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The Sierra Leone Special Court and its Legacy: The Impact for Africa and International Criminal Law

The Sierra Leone Special Court and its Legacy: The Impact for Africa and International Criminal Law

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Cambridge University Press, 2013-12-16
EAN 9781107029149, ISBN10: 1107029147

Paperback, 824 pages, 25.6 x 25.3 x 18.2 cm

'This volume towers above everything - and anything - that, to date, has been written about the Special Court for Sierra Leone. The breadth is singular: the book covers all aspects of the institution. The work is deeply interdisciplinary, harnessing a multiplicity of perspectives in a manner that unpacks the Special Court as a legal, social, and political institution. The quality is extraordinary. Each chapter is elegantly written; each contribution is so self-aware that the sum of the book well exceeds its parts. Charles Jalloh, whose nimble hands assembled this collection and whose energy electrified it, leaves the international community with an indispensable resource about the Special Court as well as a vibrant touchstone for transitional justice generally.' Mark A. Drumbl, Class of 1975 Alumni Professor of Law, and Director, Transnational Law Institute, Washington and Lee University

'In this fundamental work, Professor Charles Jalloh, a Sierra Leonean-Canadian scholar who first distinguished himself as an international criminal lawyer in the Charles Taylor Trial at the Sierra Leone Special Court, has assembled a stellar group of experts to comprehensively assess the Court's crucial legacy to Africa and international criminal justice. Covering the full gamut of substantive legal issues of enduring significance to the work of the International Criminal Court and other tribunals charged with the responsibility to prosecute international crimes … this outstanding volume is an enormous contribution to the international criminal law and transitional justice literature. This significant achievement of the contributing scholars and the editor, who has quickly become a renowned commentator on issues relating to international justice in Africa, is a must-read …' Fatou Bensouda, Prosecutor, International Criminal Court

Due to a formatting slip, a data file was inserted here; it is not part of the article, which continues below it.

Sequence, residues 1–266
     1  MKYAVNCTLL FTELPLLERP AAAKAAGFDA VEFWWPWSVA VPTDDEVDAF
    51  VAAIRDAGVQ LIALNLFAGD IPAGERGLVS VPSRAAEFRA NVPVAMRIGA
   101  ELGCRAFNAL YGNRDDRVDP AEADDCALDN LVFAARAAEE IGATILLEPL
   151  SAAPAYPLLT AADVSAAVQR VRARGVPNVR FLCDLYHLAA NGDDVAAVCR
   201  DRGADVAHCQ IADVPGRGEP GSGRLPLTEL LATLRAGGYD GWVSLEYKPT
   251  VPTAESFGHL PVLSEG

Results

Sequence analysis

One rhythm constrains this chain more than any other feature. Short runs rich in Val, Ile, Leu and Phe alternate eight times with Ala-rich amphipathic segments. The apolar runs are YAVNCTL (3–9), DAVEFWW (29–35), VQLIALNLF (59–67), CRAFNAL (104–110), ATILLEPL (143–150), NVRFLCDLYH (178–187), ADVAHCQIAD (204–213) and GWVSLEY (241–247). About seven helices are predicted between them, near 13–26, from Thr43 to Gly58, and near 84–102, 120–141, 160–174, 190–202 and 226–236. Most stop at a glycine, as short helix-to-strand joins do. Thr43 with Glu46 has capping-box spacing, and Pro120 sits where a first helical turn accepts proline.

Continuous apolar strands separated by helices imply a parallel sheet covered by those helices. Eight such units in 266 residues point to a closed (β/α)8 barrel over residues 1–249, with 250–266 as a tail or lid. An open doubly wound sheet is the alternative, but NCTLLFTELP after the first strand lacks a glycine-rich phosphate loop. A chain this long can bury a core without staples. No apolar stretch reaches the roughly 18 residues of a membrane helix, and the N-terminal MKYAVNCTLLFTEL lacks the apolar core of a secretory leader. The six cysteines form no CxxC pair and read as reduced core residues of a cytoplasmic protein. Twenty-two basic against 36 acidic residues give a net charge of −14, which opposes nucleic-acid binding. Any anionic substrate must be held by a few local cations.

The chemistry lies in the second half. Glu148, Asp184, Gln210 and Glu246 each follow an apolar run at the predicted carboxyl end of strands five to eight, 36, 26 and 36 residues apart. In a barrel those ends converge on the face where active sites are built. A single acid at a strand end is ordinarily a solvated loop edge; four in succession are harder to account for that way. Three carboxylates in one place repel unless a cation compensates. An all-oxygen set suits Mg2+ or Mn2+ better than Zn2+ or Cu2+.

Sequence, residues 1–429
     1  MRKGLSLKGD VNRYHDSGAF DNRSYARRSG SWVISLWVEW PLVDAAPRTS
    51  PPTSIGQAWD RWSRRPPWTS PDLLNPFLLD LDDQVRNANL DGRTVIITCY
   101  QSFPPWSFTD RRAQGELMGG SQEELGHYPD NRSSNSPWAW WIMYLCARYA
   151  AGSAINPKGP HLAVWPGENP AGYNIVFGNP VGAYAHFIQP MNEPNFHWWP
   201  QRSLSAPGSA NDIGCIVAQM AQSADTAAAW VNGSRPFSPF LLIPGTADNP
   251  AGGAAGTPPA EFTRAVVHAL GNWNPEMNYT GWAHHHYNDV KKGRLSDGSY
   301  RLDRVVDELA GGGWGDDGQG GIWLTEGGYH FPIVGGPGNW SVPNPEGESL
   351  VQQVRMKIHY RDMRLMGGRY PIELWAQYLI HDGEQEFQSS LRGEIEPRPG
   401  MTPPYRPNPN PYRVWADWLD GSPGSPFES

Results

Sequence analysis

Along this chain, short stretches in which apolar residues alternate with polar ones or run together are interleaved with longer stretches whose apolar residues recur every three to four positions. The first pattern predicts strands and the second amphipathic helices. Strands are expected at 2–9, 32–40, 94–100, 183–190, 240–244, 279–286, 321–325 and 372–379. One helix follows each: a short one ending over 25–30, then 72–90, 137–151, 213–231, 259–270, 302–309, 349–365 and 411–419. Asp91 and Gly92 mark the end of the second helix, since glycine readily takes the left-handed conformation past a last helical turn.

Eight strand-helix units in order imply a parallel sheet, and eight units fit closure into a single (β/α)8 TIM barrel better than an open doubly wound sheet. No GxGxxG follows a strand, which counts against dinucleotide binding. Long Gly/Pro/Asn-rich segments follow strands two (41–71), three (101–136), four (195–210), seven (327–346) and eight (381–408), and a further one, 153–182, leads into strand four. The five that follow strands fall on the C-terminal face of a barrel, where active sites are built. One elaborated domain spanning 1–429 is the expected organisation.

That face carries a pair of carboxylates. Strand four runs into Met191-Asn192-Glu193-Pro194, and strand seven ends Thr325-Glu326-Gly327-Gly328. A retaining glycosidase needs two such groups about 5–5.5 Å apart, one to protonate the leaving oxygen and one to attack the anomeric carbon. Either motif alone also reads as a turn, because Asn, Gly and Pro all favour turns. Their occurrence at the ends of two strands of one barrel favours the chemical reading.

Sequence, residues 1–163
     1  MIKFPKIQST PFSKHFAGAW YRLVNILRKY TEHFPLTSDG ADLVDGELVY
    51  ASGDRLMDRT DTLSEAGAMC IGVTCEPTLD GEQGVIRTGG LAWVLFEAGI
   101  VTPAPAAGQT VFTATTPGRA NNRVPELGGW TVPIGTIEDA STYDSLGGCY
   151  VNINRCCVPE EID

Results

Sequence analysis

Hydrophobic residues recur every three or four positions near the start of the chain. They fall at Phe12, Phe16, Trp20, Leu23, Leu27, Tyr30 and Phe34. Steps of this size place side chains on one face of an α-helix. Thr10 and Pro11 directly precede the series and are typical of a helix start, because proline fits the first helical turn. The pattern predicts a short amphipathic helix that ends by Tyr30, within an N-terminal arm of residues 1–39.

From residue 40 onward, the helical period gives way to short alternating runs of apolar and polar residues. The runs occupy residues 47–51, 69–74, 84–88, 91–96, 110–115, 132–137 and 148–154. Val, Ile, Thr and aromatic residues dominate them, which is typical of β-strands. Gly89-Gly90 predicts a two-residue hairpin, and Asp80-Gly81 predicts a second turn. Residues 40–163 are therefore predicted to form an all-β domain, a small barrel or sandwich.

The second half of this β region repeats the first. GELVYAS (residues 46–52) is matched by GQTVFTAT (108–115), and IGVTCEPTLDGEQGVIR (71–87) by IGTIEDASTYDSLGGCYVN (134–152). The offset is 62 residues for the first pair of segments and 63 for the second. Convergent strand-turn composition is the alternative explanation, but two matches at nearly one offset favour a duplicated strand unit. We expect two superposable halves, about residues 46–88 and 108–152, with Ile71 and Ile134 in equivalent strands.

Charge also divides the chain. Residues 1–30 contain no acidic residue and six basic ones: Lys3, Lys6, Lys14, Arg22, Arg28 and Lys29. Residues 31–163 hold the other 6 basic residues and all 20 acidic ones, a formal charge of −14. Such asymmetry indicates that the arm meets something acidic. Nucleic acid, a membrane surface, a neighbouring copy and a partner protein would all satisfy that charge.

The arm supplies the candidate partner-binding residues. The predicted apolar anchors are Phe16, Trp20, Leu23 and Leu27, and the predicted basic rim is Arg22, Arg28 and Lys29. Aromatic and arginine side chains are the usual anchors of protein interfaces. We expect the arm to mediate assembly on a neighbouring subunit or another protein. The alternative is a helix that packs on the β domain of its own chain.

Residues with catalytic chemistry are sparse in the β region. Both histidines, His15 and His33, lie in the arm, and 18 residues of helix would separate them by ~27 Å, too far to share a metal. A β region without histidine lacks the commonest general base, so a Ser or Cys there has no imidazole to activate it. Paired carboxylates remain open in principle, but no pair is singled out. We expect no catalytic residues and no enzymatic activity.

'Over the course of a decade, the Special Court for Sierra Leone demonstrated that a national-international partnership may hold to account persons most responsible for wartime atrocities. Its legacy includes many milestones: the first prosecutions for forced marriage and child soldier recruitment; the first inclusion of a Defense Office within the organs of the Court; and the first conviction since Nuremberg of a former head of state. In this remarkable volume, the foremost experts on the Court analyze all this and more. Their essays examine the past work of the Court with an eye toward the future - toward lessons that may enhance future efforts at accountability and redress. The result is a vade mecum for all who work for global justice.' Diane Marie Amann, Emily and Ernest Woodruff Chair in International Law, University of Georgia

'This edited book fills [a] huge gap in the literature. By critically but fairly analyzing the SCSL's impact, in this volume unprecedented in its size, scope and depth, Professor Charles Jalloh and the many other esteemed contributors … have immensely enriched the global conversation about the legacy of international criminal tribunals. It is a path-breaking work that sets a new benchmark for future assessments of the contributions of these courts to the advancement of the principle of individual criminal responsibility at the international level and the architecture of modern international criminal law.' Hassan B. Jallow, Chief Prosecutor, United Nations Mechanism for International Criminal Tribunals and International Criminal Tribunal for Rwanda, and former Judge, Appeals Chamber, Special Court for Sierra Leone

'Professor Charles Jalloh, who edited this book, is one of the most prominent scholars to have studied the Special Court for Sierra Leone. The authors represent a cross section of specialists, including many who, like Professor Jalloh, have worked at the Court. There is an especially important introductory essay by one of the Court's Prosecutors, Stephen Rapp. The contributions have been carefully organized and edited. They cover many features of the institution in a thorough, professional and often exhaustive manner. This book immediately becomes the authoritative reference on the Special Court. There simply is nothing else remotely comparable on the subject. It is and is likely to remain very much the last word on the subject of this fascinating and unprecedented institution.' William A. Schabas, Middlesex University, Leiden University, and Emeritus Professor of Human Rights Law, National University of Ireland, Galway